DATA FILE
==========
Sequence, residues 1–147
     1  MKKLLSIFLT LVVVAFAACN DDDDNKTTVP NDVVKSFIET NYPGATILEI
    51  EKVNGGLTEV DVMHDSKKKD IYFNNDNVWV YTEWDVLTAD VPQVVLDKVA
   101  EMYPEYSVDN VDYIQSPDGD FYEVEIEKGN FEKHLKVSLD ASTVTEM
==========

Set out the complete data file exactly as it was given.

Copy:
Sequence, residues 1–147
     1  MKKLLSIFLT LVVVAFAACN DDDDNKTTVP NDVVKSFIET NYPGATILEI
    51  EKVNGGLTEV DVMHDSKKKD IYFNNDNVWV YTEWDVLTAD VPQVVLDKVA
   101  EMYPEYSVDN VDYIQSPDGD FYEVEIEKGN FEKHLKVSLD ASTVTEM